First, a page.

The Shakespeare Conference: SHK 16.1985  Thursday, 1 December 2005

From: 		John V. Knapp <This email address is being protected from spambots. You need JavaScript enabled to view it.>
Date: 		Wednesday, 30 Nov 2005 15:12:26 -0600 (CST)
Subject: 16.1966 Living Characters
Comment: 	Re: SHK 16.1966 Living Characters

Hardy, David Bishop, et al., -

We seem to be talking somewhat at cross-purposes here, and again for the 
sake of argument, I'll assume I'm not being clear.  So, of course the 
term (but perhaps not the concept) of "sibling rivalry" is 
anachronistic, but then if contemporary criticism were to confine itself 
to speaking only of concepts and language from 1600, then each 
generation's reconsideration of Shakespeare's works would consist of 
recycling what is mostly already known.  Isn't it the job of the critic 
to look anew, now and then, at, say, *Hamlet* in the light of what we 
have most recently learned about human beings and our aesthetic 
responses to its mimetic characters?  Art historians constantly revise 
their views of famous old paintings in the light of x-ray technology, 
chemistry, etc., so why shouldn't literary critics also rethink what 
appears to be "obvious" now and then, but not with a Freudian critical 
lens from 1920 but with a more contemporary psychology?

My point remains a simple one: let's look again at selected mimetic 
characters in the context of their (assumed) family life, and reconsider 
what we know about their behaviors in the knowledge of recent (since the 
1940s & '50s) thinking about human systems.  Of course, we cannot 
thereby do violence to what is in, or is not in the text, but 
speculation about such "back-stories" can range from the impossible (how 
many children had Lady Macbeth?), to the "interesting": almost all the 
opinions about Claudius, for example, come from his murdered brother's 
ghost or his son.  Why does their bitterness toward him feel so much 
more like familial betrayal and less the betrayal of a King by a mere 
usurper?  Would consideration of a reasonable back-story concerning 
Hamlet's feelings about family life help us understand a bit better what 
IS explicit in the text?

Why, for example, is young Hamlet so fascinated ("I chiefly lov'd") by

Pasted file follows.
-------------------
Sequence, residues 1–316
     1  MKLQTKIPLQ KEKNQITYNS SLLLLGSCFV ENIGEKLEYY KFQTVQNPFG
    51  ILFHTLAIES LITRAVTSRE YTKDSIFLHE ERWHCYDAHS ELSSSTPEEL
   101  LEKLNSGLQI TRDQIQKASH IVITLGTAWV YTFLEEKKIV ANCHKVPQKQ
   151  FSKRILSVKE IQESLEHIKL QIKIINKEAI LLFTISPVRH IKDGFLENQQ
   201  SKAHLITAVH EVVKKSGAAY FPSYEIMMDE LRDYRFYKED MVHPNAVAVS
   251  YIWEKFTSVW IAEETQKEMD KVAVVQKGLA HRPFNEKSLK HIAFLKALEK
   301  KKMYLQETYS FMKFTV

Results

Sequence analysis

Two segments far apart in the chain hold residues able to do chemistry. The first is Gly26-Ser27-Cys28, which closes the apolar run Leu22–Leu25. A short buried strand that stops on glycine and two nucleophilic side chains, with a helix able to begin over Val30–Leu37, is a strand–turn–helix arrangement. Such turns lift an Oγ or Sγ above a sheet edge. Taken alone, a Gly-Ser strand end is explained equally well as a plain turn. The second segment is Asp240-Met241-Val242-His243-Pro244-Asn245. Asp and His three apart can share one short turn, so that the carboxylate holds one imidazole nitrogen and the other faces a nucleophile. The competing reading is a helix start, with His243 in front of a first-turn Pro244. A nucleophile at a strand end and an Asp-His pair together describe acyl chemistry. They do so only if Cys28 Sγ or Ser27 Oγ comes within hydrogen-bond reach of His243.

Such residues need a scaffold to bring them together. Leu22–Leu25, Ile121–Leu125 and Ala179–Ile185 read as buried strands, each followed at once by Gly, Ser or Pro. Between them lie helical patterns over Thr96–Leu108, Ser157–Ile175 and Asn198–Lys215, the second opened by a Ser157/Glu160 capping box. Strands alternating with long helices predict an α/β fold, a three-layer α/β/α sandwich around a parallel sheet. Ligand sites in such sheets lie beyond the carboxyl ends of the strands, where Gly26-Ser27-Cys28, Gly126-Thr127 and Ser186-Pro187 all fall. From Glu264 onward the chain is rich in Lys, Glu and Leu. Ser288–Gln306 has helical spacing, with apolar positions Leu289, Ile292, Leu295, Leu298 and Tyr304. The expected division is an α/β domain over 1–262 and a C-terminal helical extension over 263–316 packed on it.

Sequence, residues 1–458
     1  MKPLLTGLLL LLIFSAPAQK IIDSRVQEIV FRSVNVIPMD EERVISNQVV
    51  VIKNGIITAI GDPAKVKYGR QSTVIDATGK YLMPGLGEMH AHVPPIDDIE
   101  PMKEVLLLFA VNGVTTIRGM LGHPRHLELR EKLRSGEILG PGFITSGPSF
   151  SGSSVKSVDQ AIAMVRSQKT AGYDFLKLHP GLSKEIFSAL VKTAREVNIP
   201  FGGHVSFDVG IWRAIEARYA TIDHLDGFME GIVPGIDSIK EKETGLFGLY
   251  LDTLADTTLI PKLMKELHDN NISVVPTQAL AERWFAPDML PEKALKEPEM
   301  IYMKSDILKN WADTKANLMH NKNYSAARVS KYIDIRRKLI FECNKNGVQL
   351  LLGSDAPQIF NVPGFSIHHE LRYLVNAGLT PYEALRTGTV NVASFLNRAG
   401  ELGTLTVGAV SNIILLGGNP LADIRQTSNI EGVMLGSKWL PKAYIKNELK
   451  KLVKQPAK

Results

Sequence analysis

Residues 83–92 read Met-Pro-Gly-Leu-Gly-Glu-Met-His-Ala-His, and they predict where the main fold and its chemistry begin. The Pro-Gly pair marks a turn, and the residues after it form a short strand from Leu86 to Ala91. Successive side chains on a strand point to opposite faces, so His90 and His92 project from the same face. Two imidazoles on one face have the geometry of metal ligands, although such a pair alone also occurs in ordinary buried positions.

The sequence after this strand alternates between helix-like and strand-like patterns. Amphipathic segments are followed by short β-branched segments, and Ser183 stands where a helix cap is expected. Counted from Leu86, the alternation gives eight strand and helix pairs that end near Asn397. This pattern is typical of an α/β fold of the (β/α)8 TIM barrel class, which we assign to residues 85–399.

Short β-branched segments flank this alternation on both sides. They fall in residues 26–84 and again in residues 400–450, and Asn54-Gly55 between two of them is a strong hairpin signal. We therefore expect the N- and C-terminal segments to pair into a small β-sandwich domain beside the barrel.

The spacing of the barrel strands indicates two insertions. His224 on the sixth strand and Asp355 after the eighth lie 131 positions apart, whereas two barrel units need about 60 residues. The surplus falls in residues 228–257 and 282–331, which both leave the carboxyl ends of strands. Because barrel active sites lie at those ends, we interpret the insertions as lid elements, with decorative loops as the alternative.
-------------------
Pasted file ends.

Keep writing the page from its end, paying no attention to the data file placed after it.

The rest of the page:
Aeneas' tale to Dido of "Priam's slaughter" in Virgil (II,ii, 446-48; 
cf. Riverside text)?  A quick look at the Aeneid reveals the Queen's 
wretching request of Priam: "Come to me, come to the altar,/It will 
protect us, or at least let us /Die all together" (trans. Rolfe 
Humphries, 1951:  2:50.  As I have argued in Reading the Family Dance, 
the closing of family ranks to withstand the horror of "deadly Pyrrus" 
is reflected in Hamlet's "fantasy of an intact family, one similiar to 
where Hector's mother loves his father enough to die with him," and 
where "the elderly Priam love's Hector's mother enough to defend her to 
the death against Pyrrus's "villainous behavior" (Reading, 212). 
Hamlet's own recent family history has fallen short of that ideal.

Thus the bitter hatred Hamlet feels for Claudius, his burning anger 
toward his mother, his self-doubts about his own lack of resolve all 
seem even more intense to the reader/viewer by knowing that what he 
fantasizes about family life is exemplified in this little detail of his 
reading.  Can such an interesting reinforcement of what most readers 
already know or suspect be anachronistic?  Should we reduce *Hamlet* to 
what James Phelan calls "thematic leaps," where all can understood by 
moving from gritty characterological details to single concepts like 
"revenge" or "justice?" Where's the fun in that?


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Hardy M. Cook, This email address is being protected from spambots. You need JavaScript enabled to view it.
The S H A K S P E R Web Site <http://www.shaksper.net>

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